business man giving presentation

4. Understand the rule of three.

Studies have shown that we can only hold a small amount of information in our short term, or ‘active,’ memory.

The Rule of Three states that a trio of events or characters is more attractive, satisfying and effective at engaging a listener than any other number. Using this rule allows you to illustrate concepts more completely, emphasise your points, and make your message more memorable. Consider the following examples:

  • The Father, the Son and the Holy Spirit
  • Mind, body and soul
  • I came, I saw, I conquered
  • Blood, sweat and tears
  • Stop, look and listen
  • Cool, calm and collected
  • Past, present and future
  • Me, myself and I

This phenomenon can be explained by the way we process information. Humans are drawn to patterns, and three is the smallest number of elements required to create a pattern.

For example, Steve Jobs (an avid user of the Rule of Three) introduced the iPad 2 as “thinner, lighter and faster” than its predecessor. Try to apply the Rule of Three in your presentation where it makes sense. You can divide your presentation into three sections or introduce a concept with three words. By doing this, not only will your audience stay engaged, you’ll be surprised how much easier it is for you to remember your points.

5. Practice, practice, practice.

Being a good presenter comes down to how well you know your material. It almost goes without saying that you must practice your presentation so that you can confidently present it to an audience. The more familiar you are with the material, the less nervous you will be on the day. In fact, you may even get excited about the subject, especially if you’ve got a good story to tell that you know your audience will react well to.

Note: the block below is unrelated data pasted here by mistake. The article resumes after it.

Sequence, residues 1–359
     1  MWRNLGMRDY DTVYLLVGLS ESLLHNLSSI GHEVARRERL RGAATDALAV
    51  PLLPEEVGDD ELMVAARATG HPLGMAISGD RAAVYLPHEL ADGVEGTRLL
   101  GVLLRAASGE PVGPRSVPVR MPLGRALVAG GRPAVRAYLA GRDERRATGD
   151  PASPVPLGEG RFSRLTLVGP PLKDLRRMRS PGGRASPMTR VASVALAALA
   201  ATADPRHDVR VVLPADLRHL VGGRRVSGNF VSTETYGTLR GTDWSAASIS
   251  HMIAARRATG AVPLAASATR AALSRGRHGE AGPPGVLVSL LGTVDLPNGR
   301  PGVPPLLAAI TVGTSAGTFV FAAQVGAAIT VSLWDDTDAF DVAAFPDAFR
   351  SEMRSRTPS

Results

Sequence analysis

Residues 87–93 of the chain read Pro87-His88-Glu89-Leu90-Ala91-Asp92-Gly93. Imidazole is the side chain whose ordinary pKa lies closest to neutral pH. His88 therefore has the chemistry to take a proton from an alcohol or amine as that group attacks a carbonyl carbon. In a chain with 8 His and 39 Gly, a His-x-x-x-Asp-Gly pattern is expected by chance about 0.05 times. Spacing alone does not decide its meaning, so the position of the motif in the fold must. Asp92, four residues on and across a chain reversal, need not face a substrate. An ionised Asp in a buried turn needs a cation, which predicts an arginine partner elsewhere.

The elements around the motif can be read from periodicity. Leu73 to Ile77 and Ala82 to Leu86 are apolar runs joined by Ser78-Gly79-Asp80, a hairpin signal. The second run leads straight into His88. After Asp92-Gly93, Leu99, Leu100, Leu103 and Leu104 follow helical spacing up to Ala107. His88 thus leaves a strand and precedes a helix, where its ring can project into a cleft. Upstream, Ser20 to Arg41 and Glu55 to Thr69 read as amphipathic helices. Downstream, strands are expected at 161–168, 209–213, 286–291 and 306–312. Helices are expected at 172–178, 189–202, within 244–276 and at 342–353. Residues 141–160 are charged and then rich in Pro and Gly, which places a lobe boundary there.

It’s also a good idea to practice how you deliver each point. Practice the pauses, and experiment with the wording. If you can, record yourself doing the presentation, watch it and note any areas of improvement.

woman presenting lecture

6. Accept that fear is normal.

Everyone gets nervous—try to accept that it might take a while to find your rhythm and that is okay. Don’t fight the fear—embrace it! Do the best you can and treat every presentation as a learning experience.

And remember, don’t apologise for being nervous. Most of the time, your audience won’t even notice because the feeling of nervousness is often not as pronounced as you think it is. If you want to get a better handle on your nerves, a study by the Institute for Research on Labor and Employment suggests using confident gestures like keeping your back straight, opening out your arms and making eye contact with your audience. These gestures can minimise the appearance of nerves while also subconsciously improving your confidence level.

Most importantly—have fun! When you show enthusiasm for what you’re presenting, your audience will be more likely to react favourably. When all is said and done, you’ll look back and realise how much easier it was than you thought. Just stay cool, calm and collected—you’ve got this!

Looking for more tips on how to progress in the career world? Or more specifically – how to refine skills in a managerial or leadership role? Be sure to check out more of our career, management, and leadership-related advice articles here on SkillsTalk.